Another day, another mailboxful of slime.

Today’s delivery includes the same attack-and-counterattack voters (and, presumably, ex-voters) have gotten accustomed to in recent weeks. But one item in particular stands out not only from today’s load, but from much of what’s preceded it.

It’s a flier from the New Jersey Democratic State Committee. On the cover is what appears to be a mugshot of substance-abusing starlet Lindsay Lohan, looking as though she just went bobbing for apples in a piranha tank while stoned, and a headshot of Paris Hilton looking, well, not as bad.


Answer: Assemblywoman Jennifer Beck.

“Jennifer Beck: Her driving record is criminal,” it reads, just like that, with the word ‘criminal’ in bold.

In the expensive, invective-filled mudfest known better in these parts as the race for the 12th-district state Senate seat, this may qualify as the most pointed bit of rhetoric yet.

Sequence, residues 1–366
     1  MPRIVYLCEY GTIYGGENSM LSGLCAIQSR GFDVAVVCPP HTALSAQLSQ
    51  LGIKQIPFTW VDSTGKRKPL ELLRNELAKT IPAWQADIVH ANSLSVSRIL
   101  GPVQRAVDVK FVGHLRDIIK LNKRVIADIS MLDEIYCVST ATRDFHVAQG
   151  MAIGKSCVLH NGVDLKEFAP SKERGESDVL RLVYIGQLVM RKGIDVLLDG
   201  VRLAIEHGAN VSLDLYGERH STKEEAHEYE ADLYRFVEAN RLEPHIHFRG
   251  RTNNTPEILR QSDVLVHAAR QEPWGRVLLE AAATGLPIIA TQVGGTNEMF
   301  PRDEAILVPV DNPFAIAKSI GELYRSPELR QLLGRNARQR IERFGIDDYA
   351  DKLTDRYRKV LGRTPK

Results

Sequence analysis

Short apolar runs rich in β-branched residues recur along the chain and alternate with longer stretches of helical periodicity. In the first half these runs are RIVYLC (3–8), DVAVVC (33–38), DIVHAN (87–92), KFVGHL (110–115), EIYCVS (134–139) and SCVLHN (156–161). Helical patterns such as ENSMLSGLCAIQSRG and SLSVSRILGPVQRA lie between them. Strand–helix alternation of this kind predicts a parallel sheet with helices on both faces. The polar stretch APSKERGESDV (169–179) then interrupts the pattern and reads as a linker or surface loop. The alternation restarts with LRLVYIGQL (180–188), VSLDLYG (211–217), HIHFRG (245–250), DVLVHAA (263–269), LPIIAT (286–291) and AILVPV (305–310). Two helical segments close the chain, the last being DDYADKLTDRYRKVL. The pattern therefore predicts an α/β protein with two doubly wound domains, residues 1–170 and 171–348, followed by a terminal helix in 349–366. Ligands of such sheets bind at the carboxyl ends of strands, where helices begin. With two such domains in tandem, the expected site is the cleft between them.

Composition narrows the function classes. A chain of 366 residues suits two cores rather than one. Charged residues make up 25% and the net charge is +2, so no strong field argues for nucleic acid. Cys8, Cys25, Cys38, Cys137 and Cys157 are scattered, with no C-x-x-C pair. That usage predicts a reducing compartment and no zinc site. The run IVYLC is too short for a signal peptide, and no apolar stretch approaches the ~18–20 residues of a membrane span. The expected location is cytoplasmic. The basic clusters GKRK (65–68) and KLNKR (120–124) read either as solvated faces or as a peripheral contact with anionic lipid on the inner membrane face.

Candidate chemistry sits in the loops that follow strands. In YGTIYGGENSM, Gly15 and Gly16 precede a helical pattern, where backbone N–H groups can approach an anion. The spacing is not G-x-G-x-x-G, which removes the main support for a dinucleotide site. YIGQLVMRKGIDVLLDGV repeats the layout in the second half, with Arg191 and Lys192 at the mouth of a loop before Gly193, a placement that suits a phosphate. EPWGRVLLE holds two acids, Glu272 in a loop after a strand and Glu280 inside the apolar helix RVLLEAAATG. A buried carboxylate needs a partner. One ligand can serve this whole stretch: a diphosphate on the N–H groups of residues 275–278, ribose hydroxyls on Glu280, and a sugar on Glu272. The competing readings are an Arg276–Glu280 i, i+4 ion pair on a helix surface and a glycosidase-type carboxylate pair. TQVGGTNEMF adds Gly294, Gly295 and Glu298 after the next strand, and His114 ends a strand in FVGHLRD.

Here’s a bit from a story in today’s New York Times on just how ugly Beck v. Karcher has gotten:

For the Democrats, who are trying to protect and expand their slim Senate majority, no race has a higher priority, or is more cutthroat, than the re-election campaign of Ellen Karcher, a freshman who is one of the party’s most visible — and vulnerable — legislators. She is struggling to hold off a challenge by Assemblywoman Jennifer Beck in the historically Republican 12th Legislative District, where sprawling farms are giving way to ever-larger houses.

“All the venom in the state is being spewed there,” said Joseph R. Marbach, a professor of political science at Seton Hall University.

The race between Ms. Karcher and Ms. Beck has taken one ugly turn after another, with a flurry of ethics complaints, television attack advertisements and sniping about who is better suited to reform the state’s corruption-plagued government. Lately, the quibbling has turned personal, with accusations about Ms. Beck’s spotty driving record and whether Ms. Karcher is paying enough in property taxes.

Whether it’s fair to call Beck’s three license suspensions from the mid-1990s ‘criminal’ we’ll leave to the legal scholars.

And like a juicy tabloid headline, perhaps the humor of this one will become evident only after we’ve gotten past that first jolt of revulsion.

But at the risk of appearing partisan, we have to ask: is this really what we’ve come to politically? Is this in some perverse way that we’re not getting good for civil discourse, and thus good for democracy?

Have at it, folks…

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